Daylight Saving Time Starts Soon: Here’s How to Spring Forward Like an Expert
On the second Sunday of March, the clocks adjust by an hour, skipping ahead to mark the start of daylight saving time.
Daylight saving time, or DST, represents 65% of the year, and sets a schedule where the sun sets later in the day. It begins with “spring forward,” on the second Sunday of March, and ends on the first Sunday of November.
In 2023, daylight saving time starts on Sunday, March 12, at 2 a.m., and ends on Sunday, November 5, at 2 a.m.
Though the time change is minimal, like a flight from Chicago to New York, for anyone with kids, pets or a grueling schedule, that loss of an hour can be brutal.
Sunday night, trying to get to bed an hour earlier than you otherwise would may be difficult. "Expect that sleep initiation might be a little difficult," shares Dr. Chris Winter, sleep neurologist, sleep advisor to Mattress Firm, and host of the "Sleep Unplugged" podcast. Regardless of when you get to sleep, though, Winter says that it's important to set your target morning wake-up time. "Maintaining the wake time should be a priority. That usually keeps the transition pretty short."
Read on to learn more tips about DST and get expert tips on how to plan ahead and make small schedule adjustments to minimize sleep loss when you lose that hour.
What Time Do You Change the Clocks for Daylight Saving Time?
At the start of daylight saving time, you’ll see your smart devices change time at 2 a.m., when the clocks spring forward to 3 a.m. You can reset any analog clocks the night before, so that you don’t oversleep the next morning. Come November, clocks “fall back” at 2 a.m. Night owls love the end of DST, when they gain an hour of time, whether it’s an extra hour out at a bar, or curled up reading a book.
Who Controls Daylight Saving Time?
Though many attribute the rules of daylight saving time to the US Department of Commerce's National Institute of Standards and Technology, it is actually the Department of Transportation that regulates DST and time zones.
How Long Does Daylight Saving Time Last?
DST lasts just under 240 days, starting on the second Sunday of March, and ending on the first Sunday of November.
DST is now in effect for 238 days, or about 65% of the year, although Congress has retained the right to revert to the prior law, should the change prove unpopular, or if energy savings are not significant.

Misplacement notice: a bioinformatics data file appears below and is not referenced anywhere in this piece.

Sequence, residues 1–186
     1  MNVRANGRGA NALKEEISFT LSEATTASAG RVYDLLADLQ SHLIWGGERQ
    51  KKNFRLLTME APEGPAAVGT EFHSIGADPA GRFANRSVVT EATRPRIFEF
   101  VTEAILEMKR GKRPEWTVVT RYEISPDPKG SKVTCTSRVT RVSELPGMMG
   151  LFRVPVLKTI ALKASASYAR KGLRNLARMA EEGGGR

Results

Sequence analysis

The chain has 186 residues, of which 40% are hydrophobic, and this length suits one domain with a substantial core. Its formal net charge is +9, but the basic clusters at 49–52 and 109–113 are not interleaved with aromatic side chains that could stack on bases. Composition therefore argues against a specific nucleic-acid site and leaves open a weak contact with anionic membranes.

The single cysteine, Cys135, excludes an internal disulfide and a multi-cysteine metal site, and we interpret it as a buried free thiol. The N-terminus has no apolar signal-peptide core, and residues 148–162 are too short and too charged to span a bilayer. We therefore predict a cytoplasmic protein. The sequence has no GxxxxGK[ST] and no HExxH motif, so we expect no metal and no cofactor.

Why Is It Harder to Lose an Hour?
Both the spring and fall time changes can be difficult, but bedtime, especially for parents, can feel tough when you lose an hour. Suddenly, it’s 8 p.m., even if it still feels like 7 p.m., and many children, particularly those who have strict bedtimes, are resistant to that earlier time. That change can roll over to the next morning, making wake-up time hard for anyone who wants that extra hour of sleep.
If you're struggling to get up in the morning, Winter has advice. "Set an extra alarm far away from the bed," he advises. And if you worry you might laze anyway, get yourself out into the world. "Plan to meet someone that Sunday morning. Sometimes the expectation that someone is waiting for you at the restaurant or gym can motivate people."
Tips To Make Daylight Saving Time Easier
Start Early: To prepare for the change, start to nudge your timeline earlier a few days ahead of the “spring forward.” Move bedtime and wake-up time up by 15-minute increments, starting four days before Sunday, so that you will be a full hour ahead by Sunday.
Get Morning Light: To help set your circadian rhythm to the new time, be sure to get outside and expose your body to morning sunshine when you wake up. Similarly, dim your blue light at night, so your body knows that it’s time to wind down.
Limit Your Naps: If you’re unsuccessful in getting to bed earlier, you may be tired. Naps are OK—for you and your kids—but try to limit your own naps to 20 minutes. Longer naps will get you into a full sleep cycle, and could leave you groggy or delay bedtime at night.
Avoid Late Caffeine: If you’re tired, it’s tempting to grab a quick coffee. Try to limit caffeine to the mornings, or, at least, to no later than six hours before bedtime.
Keep a Consistent Bedtime: As soon as you’ve finished adjusting to the time change, stick to your bedtime and wakeup times. Consistent timing is one of the best things you can do for your sleep. If your schedule needs additional goal posts, aim to exercise early, limit late-night food to small, healthy snacks, ideally with tryptophan or melatonin, and don’t use your bed for anything but sleep and sex.
Don’t Get Discouraged: If you, your kids, your pets or all of the above are keeping you up late, don’t fret: You can always get things back on track. Aim to minimize social plans for the first few days after DST starts, and prioritize getting outside in the mornings to wake yourself up. And remember: The clocks will fall back again in just seven short months!